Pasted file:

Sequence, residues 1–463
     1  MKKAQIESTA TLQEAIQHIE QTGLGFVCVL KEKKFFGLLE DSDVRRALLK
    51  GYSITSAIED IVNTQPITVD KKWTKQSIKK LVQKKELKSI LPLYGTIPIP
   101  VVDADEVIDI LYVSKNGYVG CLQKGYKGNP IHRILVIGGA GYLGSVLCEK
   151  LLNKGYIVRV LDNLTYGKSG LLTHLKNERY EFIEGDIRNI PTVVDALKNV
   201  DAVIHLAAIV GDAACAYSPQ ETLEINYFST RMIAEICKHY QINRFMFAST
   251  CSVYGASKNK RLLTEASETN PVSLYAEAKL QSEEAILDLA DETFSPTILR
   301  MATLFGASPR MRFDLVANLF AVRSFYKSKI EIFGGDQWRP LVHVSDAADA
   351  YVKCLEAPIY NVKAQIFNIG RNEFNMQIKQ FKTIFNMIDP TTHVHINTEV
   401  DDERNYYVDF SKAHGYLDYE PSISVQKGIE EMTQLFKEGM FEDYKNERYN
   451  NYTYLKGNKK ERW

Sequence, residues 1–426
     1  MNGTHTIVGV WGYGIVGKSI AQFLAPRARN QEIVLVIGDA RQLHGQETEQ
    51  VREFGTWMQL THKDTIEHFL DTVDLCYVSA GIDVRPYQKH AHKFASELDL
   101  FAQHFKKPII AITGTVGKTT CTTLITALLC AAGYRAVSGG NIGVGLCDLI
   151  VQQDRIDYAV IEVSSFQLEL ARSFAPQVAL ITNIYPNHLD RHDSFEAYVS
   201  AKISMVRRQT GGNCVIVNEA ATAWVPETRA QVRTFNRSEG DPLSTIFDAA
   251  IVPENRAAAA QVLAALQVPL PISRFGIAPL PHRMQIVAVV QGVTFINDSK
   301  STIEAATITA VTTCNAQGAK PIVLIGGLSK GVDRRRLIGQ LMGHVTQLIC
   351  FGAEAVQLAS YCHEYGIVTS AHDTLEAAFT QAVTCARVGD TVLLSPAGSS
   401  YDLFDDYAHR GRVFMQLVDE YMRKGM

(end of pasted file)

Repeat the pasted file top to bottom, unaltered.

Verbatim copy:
Sequence, residues 1–463
     1  MKKAQIESTA TLQEAIQHIE QTGLGFVCVL KEKKFFGLLE DSDVRRALLK
    51  GYSITSAIED IVNTQPITVD KKWTKQSIKK LVQKKELKSI LPLYGTIPIP
   101  VVDADEVIDI LYVSKNGYVG CLQKGYKGNP IHRILVIGGA GYLGSVLCEK
   151  LLNKGYIVRV LDNLTYGKSG LLTHLKNERY EFIEGDIRNI PTVVDALKNV
   201  DAVIHLAAIV GDAACAYSPQ ETLEINYFST RMIAEICKHY QINRFMFAST
   251  CSVYGASKNK RLLTEASETN PVSLYAEAKL QSEEAILDLA DETFSPTILR
   301  MATLFGASPR MRFDLVANLF AVRSFYKSKI EIFGGDQWRP LVHVSDAADA
   351  YVKCLEAPIY NVKAQIFNIG RNEFNMQIKQ FKTIFNMIDP TTHVHINTEV
   401  DDERNYYVDF SKAHGYLDYE PSISVQKGIE EMTQLFKEGM FEDYKNERYN
   451  NYTYLKGNKK ERW

Sequence, residues 1–426
     1  MNGTHTIVGV WGYGIVGKSI AQFLAPRARN QEIVLVIGDA RQLHGQETEQ
    51  VREFGTWMQL THKDTIEHFL DTVDLCYVSA GIDVRPYQKH AHKFASELDL
   101  FAQHFKKPII AITGTVGKTT CTTLITALLC AAGYRAVSGG NIGVGLCDLI
   151  VQQDRIDYAV IEVSSFQLEL ARSFAPQVAL ITNIYPNHLD RHDSFEAYVS
   201  AKISMVRRQT GGNCVIVNEA ATAWVPETRA QVRTFNRSEG DPLSTIFDAA
   251  IVPENRAAAA QVLAALQVPL PISRFGIAPL PHRMQIVAVV QGVTFINDSK
   301  STIEAATITA VTTCNAQGAK PIVLIGGLSK GVDRRRLIGQ LMGHVTQLIC
   351  FGAEAVQLAS YCHEYGIVTS AHDTLEAAFT QAVTCARVGD TVLLSPAGSS
   401  YDLFDDYAHR GRVFMQLVDE YMRKGM